Three learners from Myerscough College's Merseyside campus at Croxteth Park have completed a programme aimed at helping young people who need extra help to move into employment.
Myerscough has been working in partnership with Glendale Liverpool to deliver the Liverpool City Council Supported Internship Programme. Supported Internships are aimed at young people who want to move into employment and are intended to enable the young person to become ‘job ready’. This is done to try and break down the barriers between young people with learning difficulties and a potential employer.
The three Myerscough College Liverpool supported interns attended a placement with Glendale Liverpool four days per week and College one day a week, to brush up on their english and maths skills. The busy schedule is aimed at getting the group used to the routine that is expected when being in employment.
The learners - Daniel Jones, John Robinson and Shaun Woods - have been supported by a work coach who helps them get used to the routine expected when in employment, instructing and supporting them to build skills in the workplace to complete work tasks to a high level.
Supported Internships normally last for one year and they include a work placement such as this. Students also complete a personalised Study Programme working towards a qualification.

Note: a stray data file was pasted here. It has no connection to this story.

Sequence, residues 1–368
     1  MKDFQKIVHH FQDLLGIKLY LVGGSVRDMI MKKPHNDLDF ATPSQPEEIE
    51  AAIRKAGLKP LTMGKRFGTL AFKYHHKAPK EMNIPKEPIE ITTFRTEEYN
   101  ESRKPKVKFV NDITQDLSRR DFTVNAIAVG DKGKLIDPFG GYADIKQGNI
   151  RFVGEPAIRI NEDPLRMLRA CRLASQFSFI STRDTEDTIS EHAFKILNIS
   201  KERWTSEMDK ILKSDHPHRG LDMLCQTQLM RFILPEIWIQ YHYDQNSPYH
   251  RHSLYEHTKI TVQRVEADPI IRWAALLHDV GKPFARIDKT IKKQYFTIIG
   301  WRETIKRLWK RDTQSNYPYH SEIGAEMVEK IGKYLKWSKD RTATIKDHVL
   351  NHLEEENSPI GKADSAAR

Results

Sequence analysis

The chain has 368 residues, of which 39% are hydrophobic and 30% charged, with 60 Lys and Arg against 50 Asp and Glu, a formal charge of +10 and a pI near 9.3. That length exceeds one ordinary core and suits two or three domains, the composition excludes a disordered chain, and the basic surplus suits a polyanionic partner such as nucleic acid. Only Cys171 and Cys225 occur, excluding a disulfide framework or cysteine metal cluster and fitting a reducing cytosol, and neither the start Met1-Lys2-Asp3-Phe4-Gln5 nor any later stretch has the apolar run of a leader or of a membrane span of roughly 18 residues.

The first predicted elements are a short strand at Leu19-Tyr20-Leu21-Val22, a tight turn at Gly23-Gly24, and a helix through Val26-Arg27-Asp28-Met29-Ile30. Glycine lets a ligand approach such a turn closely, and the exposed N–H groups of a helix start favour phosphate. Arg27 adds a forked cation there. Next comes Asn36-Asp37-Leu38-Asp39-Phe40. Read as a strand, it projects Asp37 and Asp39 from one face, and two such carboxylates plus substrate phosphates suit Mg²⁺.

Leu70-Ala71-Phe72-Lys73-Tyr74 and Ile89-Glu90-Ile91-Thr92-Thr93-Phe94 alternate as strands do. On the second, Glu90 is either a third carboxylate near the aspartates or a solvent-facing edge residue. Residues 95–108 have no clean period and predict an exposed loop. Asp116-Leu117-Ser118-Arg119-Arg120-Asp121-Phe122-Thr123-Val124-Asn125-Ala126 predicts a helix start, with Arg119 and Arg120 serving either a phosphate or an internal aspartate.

Helen Eaton, Assistant Principal Liverpool at Myerscough College, said: ''At the end of this programme the interns stand a real chance of gaining employment.
''Their employability skills are significantly enhanced from when they started. Their work colleagues and supervisors have also had the opportunity to experience the value first hand of employing a young person with a learning difficulty or disability.
''A vital part of the programme is about removing misconceptions regarding young people with learning difficulties with employers. Many in the workplace are surprised what a positive contribution these young people make.
''The Supported Internship programme provides the opportunity for Myerscough College to work with both young people and their supervisors.
''It’s about creating work-ready young people and removing any barriers that may be present in the workplace that could stop the employer from taking on a young person with learning difficulties. I’m so proud of the progress that’s being made.''
Just six percent of young people with learning disabilities are in employment, and the aim of the scheme is to help them transition from education in to the world of work, so they can live more independently and don’t become socially isolated.
Councillor Barbara Murray, Cabinet member for education at Liverpool City Council, said: ''This scheme is about working closely with young people, schools and employers to provide customised support into the world of work and give them the opportunity to compete for jobs and thereby fulfil their fullest potential.
''This scheme has been such a success and will be expanded next year to involve more businesses and more opportunities for our young people.
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by Dave Salmon